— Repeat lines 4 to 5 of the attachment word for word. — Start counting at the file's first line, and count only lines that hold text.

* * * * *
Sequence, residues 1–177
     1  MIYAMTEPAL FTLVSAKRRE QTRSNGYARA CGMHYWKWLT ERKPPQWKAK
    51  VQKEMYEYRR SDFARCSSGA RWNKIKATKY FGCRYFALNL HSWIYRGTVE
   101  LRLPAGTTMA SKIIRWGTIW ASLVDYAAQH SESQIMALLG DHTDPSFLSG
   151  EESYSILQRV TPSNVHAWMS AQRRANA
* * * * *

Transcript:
   101  LRLPAGTTMA SKIIRWGTIW ASLVDYAAQH SESQIMALLG DHTDPSFLSG
   151  EESYSILQRV TPSNVHAWMS AQRRANA